Manny, who’d had enough fury for one day, quickly pointed to me. “Yeah, but she’s refiling.”
Thanks, Manny. The detective turned to look at me, steam blowing out of his ears. I motioned for him to meet me out in the hallway and braced myself for the nuclear blast. He nodded curtly, turned on his heel, and headed for the door in rapid, angry strides. Although I was closer to the exit, he moved so fast he got there ten steps ahead of me.
I found the detective out in the hallway and walked over to introduce myself. “Hi, I’m Rachel Knight. Guess I’ll be handling the case—,” I began.
The detective turned toward me, but before he could respond, his attention was drawn to a point over my left shoulder. His eyes narrowed and his chest filled. “Excuse me,” he said roughly, and marched past me.
I turned to see where he was headed, and there was Brandon, sauntering out of the snack bar, carrying—what else?—a cinnamon-covered latte.
Detective Stoner flew at him like a heat-seeking missile. “Why the hell didn’t you give me a subpoena for the uniform?”
Brandon had enough sense to blanch, but not enough to back down. He took exactly one second to find his voice. “I did. I sent it over. You just never picked it up. You blew it, Stoner, so don’t try to blame me for your fuckup.”
“You never sent anything over, you dumb punk! And I can prove it! The subpoena records show nothing was ever issued for the uniform!”
“Yeah? And who controls those records?” Brandon said in a grating voice that’d probably set people’s teeth grinding since he was in kindergarten. “Oh, that’s right, you guys.”
Everyone has a breaking point. Brandon had just found Stoner’s.
The detective pulled back his right fist with a vengeance that would’ve knocked Brandon into his next life if he hadn’t flinched just in time. The potentially lethal blow glanced off Brandon’s left shoulder. Even so, the force was enough to send him and his latte flying. Stoner’s momentum carried him forward, knocking them both to the floor. The detective seized the opportunity to land a solid punch to the kidney.
Brandon managed a strangled “Help!”
I wasn’t strong enough to break up the fight if I’d wanted to—though I admit I didn’t mind having an excuse to stand by and let Averill get what he so richly deserved. But there were about twenty cops standing around at the time who were more than capable of taking control. They gave Stoner at least a solid minute before stepping in. I made a mental note to get all of their names. I wanted to personally write them thank-you cards.
It took three of them to pull Stoner off, and when they yanked Brandon to his feet, still dripping with the remains of his latte, he couldn’t straighten up. But did that stop him from yapping? Holding his side with one hand and the wall with another, he went off: “I want that asshole arrested! He attacked me! You all saw it!”
We glanced at one another blankly. Nobody moved. Stoner looked Brandon over with hooded eyes, then, cool as a cucumber, flipped open his cell phone and called for the paramedics.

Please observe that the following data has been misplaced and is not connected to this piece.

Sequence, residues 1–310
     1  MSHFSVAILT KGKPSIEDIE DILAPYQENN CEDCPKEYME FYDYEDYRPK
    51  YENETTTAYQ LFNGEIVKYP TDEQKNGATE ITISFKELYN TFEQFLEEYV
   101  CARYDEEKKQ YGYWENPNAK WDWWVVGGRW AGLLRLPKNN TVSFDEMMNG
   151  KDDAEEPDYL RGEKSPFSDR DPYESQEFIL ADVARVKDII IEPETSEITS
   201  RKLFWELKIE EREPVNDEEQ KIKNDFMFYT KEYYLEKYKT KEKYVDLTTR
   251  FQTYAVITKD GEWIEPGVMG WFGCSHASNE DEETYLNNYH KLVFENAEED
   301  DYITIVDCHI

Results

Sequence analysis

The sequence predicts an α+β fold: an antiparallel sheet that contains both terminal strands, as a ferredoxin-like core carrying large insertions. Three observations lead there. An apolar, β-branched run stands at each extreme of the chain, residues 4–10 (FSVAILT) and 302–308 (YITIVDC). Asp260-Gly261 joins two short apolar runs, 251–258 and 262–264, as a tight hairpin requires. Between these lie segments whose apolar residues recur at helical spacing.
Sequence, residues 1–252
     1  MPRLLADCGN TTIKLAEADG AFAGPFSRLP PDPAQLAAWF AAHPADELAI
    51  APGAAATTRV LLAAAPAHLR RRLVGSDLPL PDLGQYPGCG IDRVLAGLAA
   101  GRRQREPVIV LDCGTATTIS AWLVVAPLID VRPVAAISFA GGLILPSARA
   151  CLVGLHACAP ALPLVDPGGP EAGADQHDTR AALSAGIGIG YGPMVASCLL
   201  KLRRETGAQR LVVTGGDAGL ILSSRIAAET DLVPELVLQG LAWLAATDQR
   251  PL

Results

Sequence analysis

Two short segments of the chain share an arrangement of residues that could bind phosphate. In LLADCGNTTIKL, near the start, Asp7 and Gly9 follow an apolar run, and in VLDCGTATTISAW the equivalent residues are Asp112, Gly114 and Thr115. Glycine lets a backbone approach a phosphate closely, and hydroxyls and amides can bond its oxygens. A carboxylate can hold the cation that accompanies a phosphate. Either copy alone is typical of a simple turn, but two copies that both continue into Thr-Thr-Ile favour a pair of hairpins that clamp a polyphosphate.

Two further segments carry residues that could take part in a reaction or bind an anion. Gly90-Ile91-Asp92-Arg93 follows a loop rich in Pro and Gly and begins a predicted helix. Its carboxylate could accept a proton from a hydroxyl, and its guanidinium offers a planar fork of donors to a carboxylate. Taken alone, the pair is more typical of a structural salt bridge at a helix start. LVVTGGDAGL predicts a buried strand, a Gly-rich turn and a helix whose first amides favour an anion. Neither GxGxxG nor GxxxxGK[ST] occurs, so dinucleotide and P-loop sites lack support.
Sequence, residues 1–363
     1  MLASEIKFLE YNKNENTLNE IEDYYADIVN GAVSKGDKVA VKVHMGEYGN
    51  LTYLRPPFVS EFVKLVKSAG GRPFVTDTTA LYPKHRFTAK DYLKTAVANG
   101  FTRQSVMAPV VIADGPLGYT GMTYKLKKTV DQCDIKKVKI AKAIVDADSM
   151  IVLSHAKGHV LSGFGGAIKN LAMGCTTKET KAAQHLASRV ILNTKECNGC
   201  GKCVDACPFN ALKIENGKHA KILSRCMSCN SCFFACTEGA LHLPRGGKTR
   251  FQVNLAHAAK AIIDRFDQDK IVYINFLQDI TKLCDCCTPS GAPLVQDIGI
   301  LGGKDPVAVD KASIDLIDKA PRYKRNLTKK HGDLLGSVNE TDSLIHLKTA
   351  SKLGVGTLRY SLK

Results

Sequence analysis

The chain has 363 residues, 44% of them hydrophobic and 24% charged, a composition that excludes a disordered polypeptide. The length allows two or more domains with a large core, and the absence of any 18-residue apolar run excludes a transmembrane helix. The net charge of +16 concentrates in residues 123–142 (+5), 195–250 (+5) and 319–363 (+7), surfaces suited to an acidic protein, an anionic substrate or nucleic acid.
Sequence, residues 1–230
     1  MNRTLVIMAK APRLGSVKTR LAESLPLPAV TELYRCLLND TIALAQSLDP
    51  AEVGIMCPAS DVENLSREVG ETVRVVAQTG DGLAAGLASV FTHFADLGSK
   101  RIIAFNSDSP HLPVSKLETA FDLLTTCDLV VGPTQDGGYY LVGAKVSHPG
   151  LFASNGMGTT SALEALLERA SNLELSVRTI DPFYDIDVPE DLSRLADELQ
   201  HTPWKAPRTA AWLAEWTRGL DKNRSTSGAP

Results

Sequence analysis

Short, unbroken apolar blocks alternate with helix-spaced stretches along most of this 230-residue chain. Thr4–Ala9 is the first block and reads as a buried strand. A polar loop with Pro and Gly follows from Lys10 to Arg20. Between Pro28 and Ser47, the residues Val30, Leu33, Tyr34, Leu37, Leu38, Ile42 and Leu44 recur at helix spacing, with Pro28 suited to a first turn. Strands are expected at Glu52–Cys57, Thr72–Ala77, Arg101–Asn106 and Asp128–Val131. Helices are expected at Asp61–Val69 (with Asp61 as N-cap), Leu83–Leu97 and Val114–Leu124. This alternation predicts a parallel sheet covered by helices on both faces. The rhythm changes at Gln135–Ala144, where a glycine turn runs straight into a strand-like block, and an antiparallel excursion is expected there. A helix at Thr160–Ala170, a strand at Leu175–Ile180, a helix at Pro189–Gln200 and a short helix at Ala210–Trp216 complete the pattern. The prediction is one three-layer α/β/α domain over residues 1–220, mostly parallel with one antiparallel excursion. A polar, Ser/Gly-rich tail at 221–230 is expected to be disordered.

After they’d carted Brandon off to get checked for any possible major damage, I turned to Stoner.
“Want to try again?” I said, extending my hand. “I’m Rachel Knight.”
“Stoner,” he said, taking it and giving it a firm shake.
“No first name?”
“None I want to share,” he said flatly.
“You really going to refile?” he asked as he straightened his sports jacket and adjusted his tie.
I paused. Common sense was beginning to enter the picture. “You really think it’s a righteous case?”
“We got blood on the defendant’s sleeve,” he replied. “No lab results yet, but it looks good so far.”
Meaning: enough to keep the case alive and see what else pans out. But I had one big question before I took the plunge.
“What about that box cutter? You think our victim was about to mug someone?”
Stoner shrugged. “It’s possible. You know, cut the purse straps and run.”
My expression must’ve shown my reservations. Stoner went on, “I know what you’re thinking. It looks like a possible self-defense case. Tell you the truth, I would’ve been willing to let this one go as a manslaughter, if the suspect had said the guy threatened him.”
“The defendant didn’t say he’d been attacked?” I asked.
“Nope. Claimed he wasn’t there when the victim got stabbed.”
It was classic. Suspects generally don’t get nailed by confessing. They get nailed by saying something provably false. Like claiming they’d never been in a house after their fingerprints were found all over the place.
“But your eyewitness backed up on you big-time,” I pointed out. Translation: maybe this defendant is telling the truth.
“Our eyewitness is a little sketchy,” he admitted.
I nodded, but if the only eyewitness was sketchy—and from what I saw, that description seemed accurate—that didn’t leave much to rely on. Again, Stoner read my expression.
“Look, I’m one hundred percent aware that we’re going to need a lot more,” he said. “Just give me the time to get it.”
“And if you don’t?”
“Then I’ll be the first to say, let it go.”
They always say that. Maybe no-first-name Stoner was one of the few who meant it.
But I knew that if I didn’t refile the case now, it might never see the light of day. A victim with a box cutter looked bad, but neither the defendant nor anyone else had claimed that the victim tried to attack them, which told me this probably wasn’t a self-defense killing. If so, our homeless man was a real murder victim. I didn’t know much about the case, but I knew one thing for sure: he didn’t deserve to die nameless and abandoned on a dirty stretch of concrete.